Saturday 14 November 2015

The Foundling Museum, Brunswick Square WC1

The face of Thomas Coram dominates the streetscape outside the Foundling Museum and the headquarters of the children's charity that bears his name, and so it should for the old sea captain changed the way Britain treated children. In the 18th century, illegitimate children were being killed at birth in alarming numbers and those that survived could expect a lifetime living under the stigma.
Coram established the Foundling Hospital (primarily a place of hospitality rather than a medical facility, though it soon became involved in treating diseases of childhood) to receive babies no questions asked. At one point a basket was hung outside the door where women could leave newborns they could not bring up.
In the 1920s it was decided to relocate the Hospital to the countryside, in Hertfordshire, and the magnficent Georgian buildings were demolished. A new headquarters for the charity was built in its place, designed in a restrained neo-Georgian style by JM Sheppard and Partners.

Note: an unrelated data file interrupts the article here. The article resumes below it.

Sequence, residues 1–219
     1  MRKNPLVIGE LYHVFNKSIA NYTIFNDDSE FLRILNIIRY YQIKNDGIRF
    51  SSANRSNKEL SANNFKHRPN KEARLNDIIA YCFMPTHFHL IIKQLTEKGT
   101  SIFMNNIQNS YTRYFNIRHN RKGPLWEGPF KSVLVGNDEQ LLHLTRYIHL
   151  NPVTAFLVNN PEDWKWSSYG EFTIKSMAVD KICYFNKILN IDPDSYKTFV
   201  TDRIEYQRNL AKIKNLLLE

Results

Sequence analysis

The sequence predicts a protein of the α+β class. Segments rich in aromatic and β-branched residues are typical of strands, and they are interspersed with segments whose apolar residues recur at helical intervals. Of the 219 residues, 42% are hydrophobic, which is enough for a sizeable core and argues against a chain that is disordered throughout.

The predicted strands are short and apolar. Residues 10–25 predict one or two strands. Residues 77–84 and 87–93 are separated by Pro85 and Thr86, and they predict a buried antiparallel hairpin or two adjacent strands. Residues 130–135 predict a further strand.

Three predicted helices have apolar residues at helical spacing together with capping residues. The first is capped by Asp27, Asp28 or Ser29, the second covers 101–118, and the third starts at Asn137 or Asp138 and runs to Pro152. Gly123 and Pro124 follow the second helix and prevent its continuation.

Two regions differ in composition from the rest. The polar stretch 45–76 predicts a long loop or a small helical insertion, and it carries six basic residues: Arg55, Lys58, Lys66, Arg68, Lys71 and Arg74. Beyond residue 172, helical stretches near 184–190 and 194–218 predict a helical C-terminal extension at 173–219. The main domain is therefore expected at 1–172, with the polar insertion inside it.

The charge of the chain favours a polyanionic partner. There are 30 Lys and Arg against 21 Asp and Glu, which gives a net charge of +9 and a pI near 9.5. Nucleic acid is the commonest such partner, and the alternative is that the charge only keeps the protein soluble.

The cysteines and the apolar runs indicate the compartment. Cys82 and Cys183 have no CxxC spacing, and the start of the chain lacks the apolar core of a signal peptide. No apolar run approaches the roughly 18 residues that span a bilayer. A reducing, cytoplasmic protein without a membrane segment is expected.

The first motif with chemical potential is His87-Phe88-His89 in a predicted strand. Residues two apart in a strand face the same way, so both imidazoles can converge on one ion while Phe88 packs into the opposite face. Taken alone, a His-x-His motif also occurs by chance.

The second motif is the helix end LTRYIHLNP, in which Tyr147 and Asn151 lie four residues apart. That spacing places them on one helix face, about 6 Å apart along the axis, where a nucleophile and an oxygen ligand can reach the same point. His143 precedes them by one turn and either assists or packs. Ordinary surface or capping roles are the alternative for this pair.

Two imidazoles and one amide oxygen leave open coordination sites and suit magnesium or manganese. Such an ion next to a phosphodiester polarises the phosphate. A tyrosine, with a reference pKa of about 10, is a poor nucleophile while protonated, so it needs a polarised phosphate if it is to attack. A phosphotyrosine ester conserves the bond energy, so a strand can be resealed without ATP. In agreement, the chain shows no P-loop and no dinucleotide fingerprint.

A bust of a young-looking Coram is set over the front door, sculpted by David Evans, who presumably also supplied the charming plaques of cherubs.
The building now contains the Foundling Museum which charts the history of the charity and displays the amazing works donated by the artists who supported it, including Hogarth, Gainsborough and Reynolds. The charity, now called simply Coram, has a new building next door, with a 1963 statue of the great man in front.The sculptor, William MacMillan, has more or less recreated the Hogarth portrait in bronze, showing him seated, wearing a greatcoat, holding the Hospital's charter in his right hand and a pair of gloves in his left, as if he was just off on another of his relentless fund-raising expeditions.

1 comment:

Hels said...

The Foundling Museum is a lot of fun, especially the votive offerings. Also because of Hogarth, Gainsborough and Reynolds, but mainly because the treatment of unwanted babies and children is the measure of a just society. Thomas Coram was a gutsy man - he was going against church teaching, "encouraging" single women to have sex and letting them get away unpunished.